There’s just something about Russia and the other slavic states that don’t mix very well with any heavier kind of music. This was shown especially when a Russian Orthodox group by the name of ‘God’s Will’ began to protest the upcoming Cannibal Corpse tour. The group’s leader, Dmitry Tsorionov made a statement to ria.ru saying
“We send mass requests to the prosecutor, the description of what is happening at the concerts of the group, the texts of their songs, which are described in detail in the rape and murder of children,”
Chairman of the Orthodox Union, Roman Pluta, also stated
“We seek to ban concerts Cannibal Corpse in Russia. Their work is fully covered by the composition of the crime under the articles of the Criminal Code, for fueling religious hatred, promoting exclusivity, superiority or inferiority of citizens on the basis of their religion,”
Historically, Russia hasn’t exactly been known for allowing free speech or artistic expression, especially as of late. With two Pussy Riot members already spending most of two years in prison for protesting against President Putin, and now church groups working to ban Cannibal Corpse because their material is more on the offensive side, it’s becoming harder and harder for artists to play in Russia.
Now, however, things have shown to be even more troublesome as Polish metal band Behemoth has had one of their shows cancelled for “political reasons.” Set to play at a university, the band received a letter as to why they weren’t allowed to play saying they were "a concern for the safety of students and campus workers.” The most troublesome part, however? It was in Poznan, Poland, their home country. In an official statement, the band said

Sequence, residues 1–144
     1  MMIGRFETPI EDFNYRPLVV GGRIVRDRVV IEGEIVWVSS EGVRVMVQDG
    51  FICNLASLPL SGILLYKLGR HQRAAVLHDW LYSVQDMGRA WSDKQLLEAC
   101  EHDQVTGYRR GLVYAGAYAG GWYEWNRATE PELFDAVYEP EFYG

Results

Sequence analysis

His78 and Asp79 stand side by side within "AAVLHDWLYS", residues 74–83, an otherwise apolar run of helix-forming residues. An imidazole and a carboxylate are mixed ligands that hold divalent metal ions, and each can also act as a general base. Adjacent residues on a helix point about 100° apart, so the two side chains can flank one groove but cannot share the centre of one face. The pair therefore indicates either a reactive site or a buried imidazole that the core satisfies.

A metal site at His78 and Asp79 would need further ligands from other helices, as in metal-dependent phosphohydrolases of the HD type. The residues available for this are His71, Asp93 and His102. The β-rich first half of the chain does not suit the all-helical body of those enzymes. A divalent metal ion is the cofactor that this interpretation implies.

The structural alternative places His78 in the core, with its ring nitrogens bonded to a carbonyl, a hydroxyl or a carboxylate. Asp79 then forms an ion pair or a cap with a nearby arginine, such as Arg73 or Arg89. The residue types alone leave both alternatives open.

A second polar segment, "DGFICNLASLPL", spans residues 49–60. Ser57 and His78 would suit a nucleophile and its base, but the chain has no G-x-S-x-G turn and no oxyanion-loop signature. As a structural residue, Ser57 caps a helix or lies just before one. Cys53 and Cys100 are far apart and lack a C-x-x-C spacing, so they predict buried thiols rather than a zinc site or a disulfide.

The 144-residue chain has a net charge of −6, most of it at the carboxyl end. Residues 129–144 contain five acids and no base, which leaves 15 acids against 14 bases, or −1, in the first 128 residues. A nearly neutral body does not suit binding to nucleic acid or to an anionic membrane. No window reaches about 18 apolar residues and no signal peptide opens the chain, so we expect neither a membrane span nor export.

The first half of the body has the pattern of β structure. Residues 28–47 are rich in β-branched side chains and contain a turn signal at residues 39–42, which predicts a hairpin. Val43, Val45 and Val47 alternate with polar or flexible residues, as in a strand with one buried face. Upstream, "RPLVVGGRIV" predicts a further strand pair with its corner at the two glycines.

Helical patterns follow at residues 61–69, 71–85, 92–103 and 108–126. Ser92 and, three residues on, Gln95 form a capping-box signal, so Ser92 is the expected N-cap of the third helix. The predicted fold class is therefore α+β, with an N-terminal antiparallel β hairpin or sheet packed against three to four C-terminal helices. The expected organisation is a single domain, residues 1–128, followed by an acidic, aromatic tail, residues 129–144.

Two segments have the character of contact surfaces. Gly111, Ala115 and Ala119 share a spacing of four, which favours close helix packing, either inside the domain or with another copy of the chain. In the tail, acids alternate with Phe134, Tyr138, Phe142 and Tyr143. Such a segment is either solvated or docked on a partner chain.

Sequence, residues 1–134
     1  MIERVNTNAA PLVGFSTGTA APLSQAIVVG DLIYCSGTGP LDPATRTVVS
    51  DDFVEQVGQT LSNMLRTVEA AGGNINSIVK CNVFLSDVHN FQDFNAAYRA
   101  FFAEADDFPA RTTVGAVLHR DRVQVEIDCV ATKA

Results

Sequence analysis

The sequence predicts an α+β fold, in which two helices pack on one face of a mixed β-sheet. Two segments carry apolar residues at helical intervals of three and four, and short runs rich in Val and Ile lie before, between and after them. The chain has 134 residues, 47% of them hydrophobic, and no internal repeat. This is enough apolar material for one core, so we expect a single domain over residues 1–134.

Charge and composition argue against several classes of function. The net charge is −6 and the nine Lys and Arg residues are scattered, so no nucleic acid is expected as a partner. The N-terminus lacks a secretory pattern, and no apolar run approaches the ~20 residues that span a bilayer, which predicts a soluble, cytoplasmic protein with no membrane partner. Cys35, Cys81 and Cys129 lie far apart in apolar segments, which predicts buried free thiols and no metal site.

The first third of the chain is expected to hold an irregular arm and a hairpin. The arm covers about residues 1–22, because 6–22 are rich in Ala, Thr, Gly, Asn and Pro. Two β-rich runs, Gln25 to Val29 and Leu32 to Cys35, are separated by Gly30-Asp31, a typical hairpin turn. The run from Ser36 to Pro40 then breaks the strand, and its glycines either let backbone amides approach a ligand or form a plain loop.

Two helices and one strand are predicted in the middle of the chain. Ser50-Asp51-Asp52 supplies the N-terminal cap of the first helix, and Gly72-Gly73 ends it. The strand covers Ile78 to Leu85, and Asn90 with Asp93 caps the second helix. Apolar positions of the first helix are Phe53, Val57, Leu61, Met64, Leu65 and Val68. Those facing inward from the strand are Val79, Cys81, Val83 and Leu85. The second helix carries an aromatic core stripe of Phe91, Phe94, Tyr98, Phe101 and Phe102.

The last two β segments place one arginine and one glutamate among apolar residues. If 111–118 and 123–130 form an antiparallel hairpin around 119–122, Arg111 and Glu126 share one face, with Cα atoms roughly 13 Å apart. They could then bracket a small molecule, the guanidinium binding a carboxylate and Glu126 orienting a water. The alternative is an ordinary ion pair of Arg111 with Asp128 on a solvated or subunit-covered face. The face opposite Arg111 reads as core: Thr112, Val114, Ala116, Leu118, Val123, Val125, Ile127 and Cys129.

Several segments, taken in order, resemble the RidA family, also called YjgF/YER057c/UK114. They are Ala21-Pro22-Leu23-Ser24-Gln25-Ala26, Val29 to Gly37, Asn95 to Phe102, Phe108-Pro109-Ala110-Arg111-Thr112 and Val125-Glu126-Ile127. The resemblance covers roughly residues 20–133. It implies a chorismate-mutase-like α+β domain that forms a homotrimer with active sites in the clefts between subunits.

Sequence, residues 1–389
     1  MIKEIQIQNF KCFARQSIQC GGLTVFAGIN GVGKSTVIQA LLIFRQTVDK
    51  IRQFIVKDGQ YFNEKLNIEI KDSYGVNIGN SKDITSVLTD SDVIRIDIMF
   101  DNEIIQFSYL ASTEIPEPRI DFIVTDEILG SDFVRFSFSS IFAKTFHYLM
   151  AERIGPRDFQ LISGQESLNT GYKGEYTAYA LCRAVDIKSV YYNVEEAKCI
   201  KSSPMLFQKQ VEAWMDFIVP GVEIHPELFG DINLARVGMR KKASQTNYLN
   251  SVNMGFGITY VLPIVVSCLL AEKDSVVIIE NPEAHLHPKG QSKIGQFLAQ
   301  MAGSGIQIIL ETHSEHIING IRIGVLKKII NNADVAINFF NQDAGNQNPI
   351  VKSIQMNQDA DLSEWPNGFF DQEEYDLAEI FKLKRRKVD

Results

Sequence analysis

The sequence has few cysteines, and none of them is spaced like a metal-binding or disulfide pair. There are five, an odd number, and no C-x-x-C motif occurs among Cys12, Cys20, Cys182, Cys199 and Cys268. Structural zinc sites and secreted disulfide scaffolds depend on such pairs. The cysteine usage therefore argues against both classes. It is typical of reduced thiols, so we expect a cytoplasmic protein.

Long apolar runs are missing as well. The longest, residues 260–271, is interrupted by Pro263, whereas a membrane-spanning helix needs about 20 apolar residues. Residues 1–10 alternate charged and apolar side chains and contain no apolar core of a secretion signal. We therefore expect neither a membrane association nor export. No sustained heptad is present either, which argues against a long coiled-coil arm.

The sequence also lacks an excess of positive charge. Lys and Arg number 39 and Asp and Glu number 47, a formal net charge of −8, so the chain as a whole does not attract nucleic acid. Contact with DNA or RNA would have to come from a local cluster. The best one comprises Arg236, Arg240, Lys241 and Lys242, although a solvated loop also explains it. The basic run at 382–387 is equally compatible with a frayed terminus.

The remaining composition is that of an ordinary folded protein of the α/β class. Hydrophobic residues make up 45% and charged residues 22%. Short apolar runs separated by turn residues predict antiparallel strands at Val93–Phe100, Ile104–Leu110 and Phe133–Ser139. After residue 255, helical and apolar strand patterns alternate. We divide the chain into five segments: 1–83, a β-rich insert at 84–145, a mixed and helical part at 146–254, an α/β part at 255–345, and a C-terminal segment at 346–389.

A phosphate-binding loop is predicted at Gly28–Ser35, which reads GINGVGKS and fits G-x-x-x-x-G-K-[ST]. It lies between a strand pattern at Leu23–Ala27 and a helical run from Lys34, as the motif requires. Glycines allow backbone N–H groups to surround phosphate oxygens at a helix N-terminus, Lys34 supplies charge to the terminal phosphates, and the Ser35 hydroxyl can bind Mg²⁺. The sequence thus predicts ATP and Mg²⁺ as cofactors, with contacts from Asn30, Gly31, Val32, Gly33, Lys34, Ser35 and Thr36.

"We have no doubt it is a political decision. It's not the first clampdown on national artists. Poznan, instead of being a free culture centre, begins to resemble Russia.”
This isn’t even the first time something like this has happened, though, as frontman Adam Darski was slapped with charges of insulting religious sentiment back in 2011. Although bands like Cannibal Corpse, who have some quite disturbing lyrics and album art, and Behemoth, who may actually be practicing satanists, have always come under fire from every direction, Poland should not be allowed to prevent the band from making the music that they want to make. In Article 73 of Poland’s constitution, it guarantees freedom of artistic creation and scientific research, as well as free access to cultural goods. Yet, the band gets in trouble at every turn it seems, in Poland and in Russia.
So, it seems such a shame to say, but if you’re an artist who happens to make potentially offensive or controversial music, you’re not very welcome in much of eastern Europe anymore under risk of being detained or worse…
Read more about the cancelled show here